But one thing I’ve really enjoyed is reading Gabrielle Bernstein’s May Cause Miracles. As a disclaimer, her definition of a miracle is simply having a change in perspective. So instead of being a victim, re-telling your story or seeing opportunities. Face your fears, or even simply acknowledging them, and seeing fear and your ego are limiting you.

This book has been fantastic. You do a quick one minute meditation in the morning, a short focus at lunchtime, then usually some journaling at night. I think simply taking these times for yourself would improve happiness. But following Gabby’s approach really does create subtle shifts. Forgiving yourself or others. And realizing everyone’s unhappiness comes in most part from fears.

I am just barely in to week two, and I have so much positive, I feel myself rejecting and pushing away negative people. My boss who is a roller coaster of grumpy moods. One day he’s hilarious. The next he’s a bear. Seeing the fruitless competition and complaining on social media. Anything the media prints.


I walk away from arguments I can’t win before they start. I am a lot more empathetic. I smile at people. I say things like, “good morning” and “have a great weekend” and mean it. When the pace speeds up, I consciously slow down. I see my aggression, frustration, anger, unhappiness and shut it down. I haven’t been in such a positive mood in years. I feel like a brand new person. Only not brand new. Rather the old me.

Thanks to Gabby. And I’m so excited to get through the remaining four plus weeks. She dedicates a week to food issues. I can’t wait to get there for my next post. But general peace and well being is relative to overall health. So, even without that, I’m a lot healthier. And I enjoy being in my own skin more!

Overweight People Aren’t Lazy Idiots – Maybe There’s Another Cause (Besides “Genetics”)

Here it is. The death rattle heard ‘round the Internet. People are posting links to this article and either saying it’s disheartening or “another excuse.” And despite my better judgement, I read every comment. Every single one. Full of people who think their experience never gaining weight, their experience easily losing weight, or their experience losing weight and keeping it off negates that there’s an issue. Rather people are lazy excuse-makers. No one sees an overweight person as a person. Rather they’re a sub-human form of life who is disgusting and lacks willpower. I’ll stop you right there if you’re one of those people. I am overweight, and I am not lazy. I am not worthless. I have willpower. I work on projects for work that everyone else has abandoned because they require too much work, too much attention to detail, and too much follow-through. I lack nothing that these assholes are saying fat people lack. I am a very goal-oriented person. I bet I have more money saved than the average American my age. I get delayed gratification. And I am a smart person. I have access to good food. And I eat it. And I don’t eat 6,000 calories a day like many people assume. But I hear you, you judgmental jerks. You don’t WANT heavy people to lose weight. You don’t want there to be more to the story.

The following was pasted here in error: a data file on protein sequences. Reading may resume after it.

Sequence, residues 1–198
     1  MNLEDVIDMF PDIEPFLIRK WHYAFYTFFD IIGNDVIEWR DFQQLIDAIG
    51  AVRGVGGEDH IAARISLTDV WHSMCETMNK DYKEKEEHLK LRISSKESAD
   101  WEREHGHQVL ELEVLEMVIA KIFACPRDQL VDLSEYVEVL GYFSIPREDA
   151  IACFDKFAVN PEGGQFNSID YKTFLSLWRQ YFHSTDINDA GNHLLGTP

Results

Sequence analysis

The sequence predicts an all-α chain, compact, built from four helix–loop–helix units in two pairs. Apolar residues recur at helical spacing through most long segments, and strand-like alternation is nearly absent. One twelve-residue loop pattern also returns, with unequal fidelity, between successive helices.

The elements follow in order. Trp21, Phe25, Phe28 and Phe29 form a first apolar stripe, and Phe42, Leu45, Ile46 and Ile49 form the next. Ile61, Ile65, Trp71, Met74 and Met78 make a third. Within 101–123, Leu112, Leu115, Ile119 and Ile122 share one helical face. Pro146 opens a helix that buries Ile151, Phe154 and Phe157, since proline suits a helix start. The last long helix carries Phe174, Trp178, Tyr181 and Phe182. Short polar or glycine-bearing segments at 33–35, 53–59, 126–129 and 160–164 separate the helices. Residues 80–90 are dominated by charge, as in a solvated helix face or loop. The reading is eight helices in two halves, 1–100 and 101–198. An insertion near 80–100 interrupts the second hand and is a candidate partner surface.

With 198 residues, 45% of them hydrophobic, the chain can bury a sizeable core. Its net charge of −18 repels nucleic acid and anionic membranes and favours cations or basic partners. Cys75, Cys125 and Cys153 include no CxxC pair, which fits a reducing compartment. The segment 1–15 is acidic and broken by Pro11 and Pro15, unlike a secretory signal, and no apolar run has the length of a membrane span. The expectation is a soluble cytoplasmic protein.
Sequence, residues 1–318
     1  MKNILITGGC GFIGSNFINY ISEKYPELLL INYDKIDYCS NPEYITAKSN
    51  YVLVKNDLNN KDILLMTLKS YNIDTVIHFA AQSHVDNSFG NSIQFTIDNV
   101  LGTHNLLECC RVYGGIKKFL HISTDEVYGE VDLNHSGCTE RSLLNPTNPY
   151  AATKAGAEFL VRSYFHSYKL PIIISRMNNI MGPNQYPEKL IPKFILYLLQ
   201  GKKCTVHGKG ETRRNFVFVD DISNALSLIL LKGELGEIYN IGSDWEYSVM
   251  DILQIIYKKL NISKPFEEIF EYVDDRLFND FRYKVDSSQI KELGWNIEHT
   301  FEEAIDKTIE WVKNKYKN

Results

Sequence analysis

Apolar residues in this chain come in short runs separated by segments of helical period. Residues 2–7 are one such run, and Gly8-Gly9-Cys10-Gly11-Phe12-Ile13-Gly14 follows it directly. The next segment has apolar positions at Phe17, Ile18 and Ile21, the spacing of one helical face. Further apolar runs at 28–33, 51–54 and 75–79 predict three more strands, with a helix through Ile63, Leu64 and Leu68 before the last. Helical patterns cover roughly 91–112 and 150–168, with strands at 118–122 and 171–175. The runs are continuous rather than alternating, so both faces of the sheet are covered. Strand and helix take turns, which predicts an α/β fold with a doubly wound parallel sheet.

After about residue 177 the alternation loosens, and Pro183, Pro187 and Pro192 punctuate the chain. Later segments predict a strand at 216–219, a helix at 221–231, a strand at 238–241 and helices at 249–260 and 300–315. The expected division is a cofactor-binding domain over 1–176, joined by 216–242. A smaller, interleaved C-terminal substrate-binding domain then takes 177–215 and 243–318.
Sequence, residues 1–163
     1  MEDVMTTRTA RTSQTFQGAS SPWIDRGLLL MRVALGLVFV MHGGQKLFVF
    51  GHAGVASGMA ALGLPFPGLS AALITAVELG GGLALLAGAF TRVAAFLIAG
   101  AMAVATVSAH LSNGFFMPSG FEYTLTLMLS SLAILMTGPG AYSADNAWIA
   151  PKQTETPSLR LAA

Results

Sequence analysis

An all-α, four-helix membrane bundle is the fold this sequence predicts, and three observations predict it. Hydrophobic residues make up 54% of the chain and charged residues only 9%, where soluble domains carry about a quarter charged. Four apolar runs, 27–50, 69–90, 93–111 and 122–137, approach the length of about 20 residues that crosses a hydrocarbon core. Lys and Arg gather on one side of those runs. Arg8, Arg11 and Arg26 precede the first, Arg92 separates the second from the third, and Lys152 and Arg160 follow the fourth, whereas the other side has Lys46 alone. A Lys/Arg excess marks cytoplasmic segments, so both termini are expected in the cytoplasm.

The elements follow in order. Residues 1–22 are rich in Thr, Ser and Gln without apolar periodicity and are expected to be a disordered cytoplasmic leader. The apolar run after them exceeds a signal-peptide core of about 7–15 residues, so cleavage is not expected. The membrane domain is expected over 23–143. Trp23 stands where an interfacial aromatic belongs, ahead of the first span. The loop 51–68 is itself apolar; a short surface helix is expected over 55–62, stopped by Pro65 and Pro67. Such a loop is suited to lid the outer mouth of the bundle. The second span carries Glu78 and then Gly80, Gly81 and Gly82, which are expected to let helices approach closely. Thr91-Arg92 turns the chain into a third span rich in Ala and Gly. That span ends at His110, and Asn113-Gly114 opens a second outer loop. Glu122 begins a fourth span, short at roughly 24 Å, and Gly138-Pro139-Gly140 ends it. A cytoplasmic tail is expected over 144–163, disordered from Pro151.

In my opinion, this article was the perfect avenue to open up dialogue and brainstorm other potential causes  or approaches. This was a great scenario to consider other things that might be playing into the story. Maybe it’s not as simple as people are eating way too much because they’re glutenous sloths. Maybe most overweight people WANT to lose weight, but they’re struggling. Maybe simply eating less and exercising more really isn’t working. Maybe you can take them at face value and be part of the cure, not the perpetuation of the disease (of fat-hate).

Somehow an article that seemed to me like a suggestion to look at other approaches has pitted those who struggle against those who have never had weight issues or lost weight once and kept it off (even if that time is less than two years, as mentioned in the article – those who have lost weight recently think they’re safe from regain). Hell, a friend called fat people “fucktards.” How is that helping? I’m glad you know every person in the world. I’m glad you’ve experienced every scenario. I’m glad you know everything about everything, ever.

So, as a fat, worthless, lazy fucktard, what do I think? More

N=1 – What Works For You Versus What Will Work For Everyone